Weight Control for the Active Athlete

Weight management plan low in fat and high in fiber can help athletes maintain muscle

(RxWiki News) In a time where more people are overweight, many young athletes may come to their sport carrying some extra pounds. These athletes may want to lose weight to compete hard and improve performance. But it can be hard to keep off that weight all year round. So, how can athletes maintain a healthy weight?

Eating foods that are high in fiber and low in fat, mixed with a normal training regimen, can help athletes maintain an appropriate weight for their sport and age, a new literature review found.

According to the author of this review, the findings showed how a weight management plan can help athletes avoid rapid weight loss that damages and hinders performance. At the same time, athletes are able to build or maintain their muscle mass.

"Talk to a dietician to create a weight management plan."

This study, led by Melinda Manore, PhD, professor in the College of Public Health and Human Sciences at Oregon State University, looked at how a low-energy-dense diet affects athletes’ muscle mass and weight.

This type of diet is high in fiber and water and low in fat. Those who follow the low-energy-dense diet can consume a higher quantity of food that can satisfy hunger levels while reducing calorie intake at the same time, according to Dr. Manore.

Dr. Manore reviewed several previous published studies on diet and weight management among athletes. In her review, Dr. Manore presented several major points:

  • Eat breakfast.
  • Spread food and protein intake throughout the day.
  • Eat after exercise.
  • Avoid fad diets.
  • Eliminate sweetened beverages.

One of the studies included in her review showed that men who ate breakfast consumed 17 percent fewer calories at lunch. Further evidence from another study showed that 80 percent of individuals who lost 30 pounds or more were breakfast eaters.

Spreading food consumption throughout the day ensures that the body has the nutrients and energy needed for exercise and building and repairing muscle, according to Dr. Manore.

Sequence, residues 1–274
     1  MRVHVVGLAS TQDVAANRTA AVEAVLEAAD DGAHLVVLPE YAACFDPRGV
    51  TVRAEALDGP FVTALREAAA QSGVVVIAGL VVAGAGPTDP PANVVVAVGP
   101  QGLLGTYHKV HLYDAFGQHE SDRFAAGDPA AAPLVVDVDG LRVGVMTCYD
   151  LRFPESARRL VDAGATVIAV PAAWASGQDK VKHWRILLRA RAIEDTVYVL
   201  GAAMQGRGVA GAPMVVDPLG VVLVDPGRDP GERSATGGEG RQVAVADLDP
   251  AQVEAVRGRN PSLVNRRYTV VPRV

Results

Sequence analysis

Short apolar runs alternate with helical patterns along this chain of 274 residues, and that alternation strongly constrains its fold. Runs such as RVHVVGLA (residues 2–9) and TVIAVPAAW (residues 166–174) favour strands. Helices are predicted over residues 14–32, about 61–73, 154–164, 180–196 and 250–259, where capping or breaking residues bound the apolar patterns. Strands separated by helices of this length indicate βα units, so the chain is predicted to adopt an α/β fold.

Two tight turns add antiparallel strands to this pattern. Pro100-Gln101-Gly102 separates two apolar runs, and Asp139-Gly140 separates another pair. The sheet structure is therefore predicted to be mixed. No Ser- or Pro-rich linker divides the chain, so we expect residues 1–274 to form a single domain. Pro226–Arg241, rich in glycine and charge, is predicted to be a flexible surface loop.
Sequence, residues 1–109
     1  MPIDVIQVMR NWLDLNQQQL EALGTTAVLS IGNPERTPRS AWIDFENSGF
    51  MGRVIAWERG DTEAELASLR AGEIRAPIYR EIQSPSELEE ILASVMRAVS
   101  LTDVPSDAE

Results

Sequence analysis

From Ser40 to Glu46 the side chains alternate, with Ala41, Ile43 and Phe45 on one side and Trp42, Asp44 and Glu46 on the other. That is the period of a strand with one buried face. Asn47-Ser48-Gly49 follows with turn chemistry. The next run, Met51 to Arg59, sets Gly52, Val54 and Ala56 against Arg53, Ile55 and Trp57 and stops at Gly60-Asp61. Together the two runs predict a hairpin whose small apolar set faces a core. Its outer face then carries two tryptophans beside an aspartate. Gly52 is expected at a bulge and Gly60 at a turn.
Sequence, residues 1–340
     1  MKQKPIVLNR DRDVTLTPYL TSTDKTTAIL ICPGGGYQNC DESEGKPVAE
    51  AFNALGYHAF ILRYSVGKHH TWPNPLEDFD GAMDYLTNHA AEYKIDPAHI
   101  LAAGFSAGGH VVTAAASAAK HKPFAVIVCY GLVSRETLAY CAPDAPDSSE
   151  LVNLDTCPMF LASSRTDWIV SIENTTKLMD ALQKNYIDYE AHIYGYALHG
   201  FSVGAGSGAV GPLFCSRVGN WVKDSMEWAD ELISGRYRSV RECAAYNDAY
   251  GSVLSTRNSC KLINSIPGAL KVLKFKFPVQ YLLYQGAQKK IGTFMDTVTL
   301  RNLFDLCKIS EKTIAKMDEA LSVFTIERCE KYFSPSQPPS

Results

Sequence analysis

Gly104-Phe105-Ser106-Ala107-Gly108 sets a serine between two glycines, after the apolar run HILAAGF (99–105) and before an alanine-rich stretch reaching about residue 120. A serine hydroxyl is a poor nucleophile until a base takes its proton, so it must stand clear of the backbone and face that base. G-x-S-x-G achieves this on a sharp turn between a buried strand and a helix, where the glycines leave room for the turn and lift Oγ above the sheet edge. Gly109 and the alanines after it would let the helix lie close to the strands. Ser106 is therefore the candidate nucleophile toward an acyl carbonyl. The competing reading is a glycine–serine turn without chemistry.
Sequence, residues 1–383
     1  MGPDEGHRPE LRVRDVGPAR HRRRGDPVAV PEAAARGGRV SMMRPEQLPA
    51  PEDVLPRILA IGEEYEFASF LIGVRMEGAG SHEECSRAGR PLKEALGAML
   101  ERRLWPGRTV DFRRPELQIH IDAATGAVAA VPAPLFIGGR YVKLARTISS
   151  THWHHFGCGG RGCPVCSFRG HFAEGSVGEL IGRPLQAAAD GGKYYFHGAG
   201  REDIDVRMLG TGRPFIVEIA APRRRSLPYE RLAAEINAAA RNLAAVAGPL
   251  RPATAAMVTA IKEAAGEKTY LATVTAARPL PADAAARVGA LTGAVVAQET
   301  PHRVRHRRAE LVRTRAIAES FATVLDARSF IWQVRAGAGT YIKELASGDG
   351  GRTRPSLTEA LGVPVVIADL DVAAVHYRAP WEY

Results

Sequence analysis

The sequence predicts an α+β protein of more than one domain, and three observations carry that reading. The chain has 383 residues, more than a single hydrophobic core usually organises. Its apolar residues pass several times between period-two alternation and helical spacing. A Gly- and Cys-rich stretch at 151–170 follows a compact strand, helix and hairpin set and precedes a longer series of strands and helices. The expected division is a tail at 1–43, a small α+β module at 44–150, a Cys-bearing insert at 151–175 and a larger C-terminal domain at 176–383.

At the same time, eating mini-meals throughout the day can prevent the athlete from becoming too hungry and consuming items not on their diet plan.

Optimal bodyweight for all individuals should promote good health and not necessarily be something that is achieved or maintained, Dr. Manore wrote in her review.

The sport and the weight loss goals should be kept in mind when creating a weight management plan for a particular athlete. The athlete’s coaches, sports dieticians and sports medicine teams should all be considered in the planning process.

“With athletes, as well as the rest of the population, a healthy diet consists of eliminating sugar, flour, and all processed foods,” said Rusty Gregory, a certified strength and conditioning specialist and dailyRx Contributing Expert. “This will lead to a healthy weight and the risk reduction of developing certain diseases and illnesses.”

To help an athlete find out what weight works best for him or her during the off-season, Dr. Manore said that athletes should consider a weight that:

  • minimizes health risks and promotes good health and eating habits.
  • considers genetic makeup and family history of body weight and shape.
  • can be accepted by the athlete or individual.
  • is appropriate for age and level of physical development.

According to Dr. Manore, weight management is an “ever-increasing” challenge with the abundance of relatively inexpensive and convenient food.

“Developing a weight management plan is essential for everyone, including athletes who expend high amounts of energy in their sport,” she wrote in her report. “Weight loss can be difficult and may change body composition unfavorably; thus, managing weight during the off-season is especially important to avoid performance-damaging rapid weight loss during competition.”

The review was published this summer in volume 75 of the Nestle Nutritional Institution Workshop Series.

No financial conflicts of interest were declared.

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Review Date: 
July 28, 2013